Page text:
Boris Johnson “talks big, but little delivery” on car free days

01 December 2014

Boris Johnson “talks big, but little delivery” on car free days

The Mayor has said he will review the plans for regular car free days in London after taking part in a mass bike ride in Jakarta. However, he rejected doing something similar in London in 2010 when Jenny Jones asked him about importing the idea from Bogota, who also have car free days on a Sunday and public holidays.

The idea of road closures to deal with air pollution episodes was in the Mayor’s draft Air Pollution Strategy in 2010, but was deleted from the final version.

Jenny Jones AM said:

“Car free days are a wonderful way to celebrate city life and London would thrive on these events. The Mayor has repeatedly rejected car free days despite all the benefits to the economy and air quality, so I'm glad he is having a rethink and I hope he is tough enough to see it through.

“The Mayor often talks big about reducing air pollution, but there has been little delivery on car free days. In the meantime, he is planning to make things worse by spending £32bn expanding the road network in London. That will negate any benefits from car free days and improvements to cycling.”

Notes to Editors

1. Jenny Jones AM is available for interview

2. Below is a formal question Jenny tabled to Mayor Boris Johnson in 2010:

Question number

2171/2010

Meeting date

14/07/2010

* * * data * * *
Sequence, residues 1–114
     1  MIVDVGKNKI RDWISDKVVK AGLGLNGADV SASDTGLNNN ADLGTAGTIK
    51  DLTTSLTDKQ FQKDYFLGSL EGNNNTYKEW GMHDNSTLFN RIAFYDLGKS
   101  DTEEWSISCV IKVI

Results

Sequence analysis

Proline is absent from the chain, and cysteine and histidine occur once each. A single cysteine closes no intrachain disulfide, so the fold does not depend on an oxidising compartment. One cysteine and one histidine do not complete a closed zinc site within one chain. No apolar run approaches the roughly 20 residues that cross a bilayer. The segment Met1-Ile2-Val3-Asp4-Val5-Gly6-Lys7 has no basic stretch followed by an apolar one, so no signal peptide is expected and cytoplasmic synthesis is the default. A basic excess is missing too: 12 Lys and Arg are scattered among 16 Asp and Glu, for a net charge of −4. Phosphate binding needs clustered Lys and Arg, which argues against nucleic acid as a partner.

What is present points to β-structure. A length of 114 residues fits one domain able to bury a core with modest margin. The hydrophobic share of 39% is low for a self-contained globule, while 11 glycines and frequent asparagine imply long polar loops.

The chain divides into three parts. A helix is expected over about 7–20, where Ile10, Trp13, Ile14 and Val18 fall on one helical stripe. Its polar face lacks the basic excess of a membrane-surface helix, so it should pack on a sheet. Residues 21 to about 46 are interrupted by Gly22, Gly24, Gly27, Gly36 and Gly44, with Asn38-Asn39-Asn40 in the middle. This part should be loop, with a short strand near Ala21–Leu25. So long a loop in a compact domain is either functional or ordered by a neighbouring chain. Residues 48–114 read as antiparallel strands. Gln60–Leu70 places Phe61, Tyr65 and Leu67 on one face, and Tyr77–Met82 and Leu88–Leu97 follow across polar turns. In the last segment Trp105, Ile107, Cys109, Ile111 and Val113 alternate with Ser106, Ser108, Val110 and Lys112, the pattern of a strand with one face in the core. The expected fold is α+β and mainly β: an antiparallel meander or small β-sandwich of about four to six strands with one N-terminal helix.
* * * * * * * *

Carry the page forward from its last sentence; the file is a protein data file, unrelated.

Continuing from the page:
Question by Jenny Jones

Will you consider replicating in London the hugely popular Colombian scheme whereby many city roads are closed to motor vehicles on Sundays and public holidays from 7am – 2pm?

Answer by Boris Johnson (1st Term)

The GLA and TfL support numerous events throughout the year that allow Londoners to enjoy streets free of motorised traffic. These include, but are not limited to; SKYride, the Thames Festival, Sunday closures of the Mall, Pride Festival, Oxford St VIP Day, London Marathon, British 10k and New Years Eve celebrations.

TfL is keen to learn from innovative international measures such as the impressive 30-year Colombian scheme, and to identify features of such policy which can help achieve my aims for London including improvements in air quality. Widespread restrictions may not be as viable in London compared to Bogotá. However, TfL is investigating options for single or localised street closures that may potentially help achieve a cycling revolution and increase walking, whilst maintaining the movement of people and goods.